Sometimes email contains sensitive data which must be encrypted. You can handle this two ways, manually encrypt the data or use an exceptional Thunderbird Extension called Enigmail. This extension uses gpg and makes the encryption/decryption as user-friendly as it gets. With keys installed in Enigmail (either manually or from a keyserver) encrypted email is automatically decrypted and signatures are checked for validity. This makes using encryption for email a task even the new user can master.
If you do not have a key pair generated, Enigmail can even do this for you. So with this extension you can encrypt/decrypt email without having to touch the command line. Pretty sweet. Let's take a walk through this system.
I am going to assume you know how to install an extension in Thunderbird (I am also going to assume gpg is installed). Knowing that, install the Enigmail extension. Once this extension is installed (and you have restarted Thunderbird), you will notice a new menu entry called OpenPGP. This is where you take care of the setup of Enigmail.
Generate your key pair
The first step is to generate your key pair. This can be done either from command line or from Enigmail itself. From within Thunderbird click the OpenPGP menu and click the Key Management entry to open the key manager window (shown in the image to the left.)
Click on the Generate menu and select New Key Pair to open the key generation window (shown below to the right.)
From within this new window you have a number of options to consider (which are all fairly self explanatory.)For most instances the defaults will work. The only change you might make is if you do not want the key to expire click the Key Does Not Expire checkbox.
As the window says, during the generation process you will want to go about the business of using your PC in order to help randomize the process of key generation. This even holds true when you are generating keys via the command line in Linux.
If you already have a key on your machine (generated from the command line or some other tool) you can import that key from the same key manager tool shown above. Just click on the File menu and select Import Key from File.
Once your key has been imported into (or generated by) Enigmail you are ready to use Enigmail to encrypt your messages.
Encrypt and Sign a Message
Start composing a new email and you will notice the OpenPGP menu entry has been added. Once you have completed composing your email click on the OpenPGP menu and select Encrypt Message and/or Sign Message to encrypt and/or sign your outgoing messages with your key.
This brings up an issue. If you do not configure Enigmail to not encrypt/sign by default all of your outgoing messages are going to be encrypted and signed. This is a problem when the recipient doesn't have your key. I highly recommend configuring Enigmail to not encrypt/sign by default. To set this click on the OpenPGP menu entry in the MESSAGE COMPOSITION WINDOW (not the main Thunderbird window). From there click on the Default Composition Options sub menu and then select Signing/Encryption Options. A new window will appear (shown to the left.) Make sure you de-select all of the options in the Message Composition section. Now you have to manually choose to sign and encrypt each message. It's one extra step but your non-geek friends and family will thank you for it.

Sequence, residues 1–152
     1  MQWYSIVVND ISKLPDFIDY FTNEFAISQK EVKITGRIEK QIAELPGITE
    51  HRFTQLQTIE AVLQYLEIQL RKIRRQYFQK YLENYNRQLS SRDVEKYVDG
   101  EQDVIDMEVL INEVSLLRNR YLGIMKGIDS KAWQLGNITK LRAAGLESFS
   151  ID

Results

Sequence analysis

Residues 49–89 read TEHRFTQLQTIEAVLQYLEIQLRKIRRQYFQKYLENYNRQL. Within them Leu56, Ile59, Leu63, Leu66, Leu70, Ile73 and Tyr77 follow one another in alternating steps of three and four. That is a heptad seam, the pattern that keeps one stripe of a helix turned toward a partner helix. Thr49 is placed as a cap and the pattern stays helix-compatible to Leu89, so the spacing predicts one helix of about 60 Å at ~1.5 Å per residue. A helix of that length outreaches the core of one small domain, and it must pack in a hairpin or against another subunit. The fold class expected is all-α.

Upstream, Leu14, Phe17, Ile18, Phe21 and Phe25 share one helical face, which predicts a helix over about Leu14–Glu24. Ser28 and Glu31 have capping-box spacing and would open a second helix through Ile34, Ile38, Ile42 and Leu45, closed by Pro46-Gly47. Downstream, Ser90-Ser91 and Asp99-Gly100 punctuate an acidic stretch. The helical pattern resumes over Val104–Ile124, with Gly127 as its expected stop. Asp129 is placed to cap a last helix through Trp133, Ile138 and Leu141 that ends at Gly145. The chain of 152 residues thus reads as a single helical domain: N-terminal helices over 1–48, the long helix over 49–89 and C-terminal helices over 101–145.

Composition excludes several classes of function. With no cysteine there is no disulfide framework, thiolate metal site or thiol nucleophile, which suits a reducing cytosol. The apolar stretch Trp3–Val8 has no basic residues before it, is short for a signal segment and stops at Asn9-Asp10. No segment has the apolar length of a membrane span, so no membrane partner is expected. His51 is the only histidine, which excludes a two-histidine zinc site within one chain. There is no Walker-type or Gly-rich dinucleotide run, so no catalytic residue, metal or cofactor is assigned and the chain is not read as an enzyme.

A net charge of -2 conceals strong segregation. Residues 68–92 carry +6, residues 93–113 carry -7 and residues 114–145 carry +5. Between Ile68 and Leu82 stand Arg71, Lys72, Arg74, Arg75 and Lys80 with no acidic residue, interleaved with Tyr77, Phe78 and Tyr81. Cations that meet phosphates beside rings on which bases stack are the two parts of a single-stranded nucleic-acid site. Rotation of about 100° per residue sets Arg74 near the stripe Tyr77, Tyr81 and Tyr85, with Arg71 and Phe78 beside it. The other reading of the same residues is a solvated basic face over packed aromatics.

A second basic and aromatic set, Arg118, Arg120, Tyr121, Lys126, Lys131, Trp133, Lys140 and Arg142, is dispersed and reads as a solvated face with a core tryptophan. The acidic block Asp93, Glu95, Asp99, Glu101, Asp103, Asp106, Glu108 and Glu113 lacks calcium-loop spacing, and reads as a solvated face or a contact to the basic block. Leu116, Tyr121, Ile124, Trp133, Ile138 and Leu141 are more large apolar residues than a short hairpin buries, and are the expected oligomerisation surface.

Like send mail, you have two options for receiving mail. You can have encrypted mail automatically encrypted or you can do it manually. Of course for either options you have to have the senders' key imported into the system.
If you click on the OpenPGP menu (in the main Thunderbird menu) you will see an entry for Automatically Decrypt/Verify Messages. If this is checked all incoming encrypted/signed mail will be decrypted/verified. If it is not checked you will have to do this manually by selecting the encrypted/signed email and then clicking the Decrypt/Verifyentry in the OpenPGP menu.
And that's it! Simple email encryption in Linux with Thunderbird and Enigmail. You can, of course, do this manually from the command line, but why make things difficult? If you have needs to encrypt/sign outgoing or incoming email, Enigmail is the perfect solution for every Linux and Thunderbird user. And for those BSD, Solaris, OS/2, Mac, or Windows users there is an Enigmail for you as well.
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Ghacks is a technology news blog that was founded in 2005 by Martin Brinkmann. It has since then become one of the most popular tech news sites on the Internet with five authors and regular contributions from freelance writers.